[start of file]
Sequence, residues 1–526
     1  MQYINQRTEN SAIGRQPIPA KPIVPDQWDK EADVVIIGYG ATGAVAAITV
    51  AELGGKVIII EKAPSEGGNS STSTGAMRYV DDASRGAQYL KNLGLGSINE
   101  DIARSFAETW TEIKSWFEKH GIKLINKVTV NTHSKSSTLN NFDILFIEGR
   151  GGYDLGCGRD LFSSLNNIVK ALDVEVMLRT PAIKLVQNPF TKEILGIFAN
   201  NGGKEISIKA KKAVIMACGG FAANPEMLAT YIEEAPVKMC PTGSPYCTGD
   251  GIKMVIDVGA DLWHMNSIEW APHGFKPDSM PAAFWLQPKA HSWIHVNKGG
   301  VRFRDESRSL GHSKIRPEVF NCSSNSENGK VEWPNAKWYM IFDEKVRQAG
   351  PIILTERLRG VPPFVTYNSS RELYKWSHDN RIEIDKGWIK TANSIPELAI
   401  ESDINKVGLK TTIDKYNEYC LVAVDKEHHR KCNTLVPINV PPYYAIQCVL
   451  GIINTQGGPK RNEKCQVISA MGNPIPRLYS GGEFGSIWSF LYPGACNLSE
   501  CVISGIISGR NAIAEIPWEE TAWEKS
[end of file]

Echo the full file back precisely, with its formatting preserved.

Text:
Sequence, residues 1–526
     1  MQYINQRTEN SAIGRQPIPA KPIVPDQWDK EADVVIIGYG ATGAVAAITV
    51  AELGGKVIII EKAPSEGGNS STSTGAMRYV DDASRGAQYL KNLGLGSINE
   101  DIARSFAETW TEIKSWFEKH GIKLINKVTV NTHSKSSTLN NFDILFIEGR
   151  GGYDLGCGRD LFSSLNNIVK ALDVEVMLRT PAIKLVQNPF TKEILGIFAN
   201  NGGKEISIKA KKAVIMACGG FAANPEMLAT YIEEAPVKMC PTGSPYCTGD
   251  GIKMVIDVGA DLWHMNSIEW APHGFKPDSM PAAFWLQPKA HSWIHVNKGG
   301  VRFRDESRSL GHSKIRPEVF NCSSNSENGK VEWPNAKWYM IFDEKVRQAG
   351  PIILTERLRG VPPFVTYNSS RELYKWSHDN RIEIDKGWIK TANSIPELAI
   401  ESDINKVGLK TTIDKYNEYC LVAVDKEHHR KCNTLVPINV PPYYAIQCVL
   451  GIINTQGGPK RNEKCQVISA MGNPIPRLYS GGEFGSIWSF LYPGACNLSE
   501  CVISGIISGR NAIAEIPWEE TAWEKS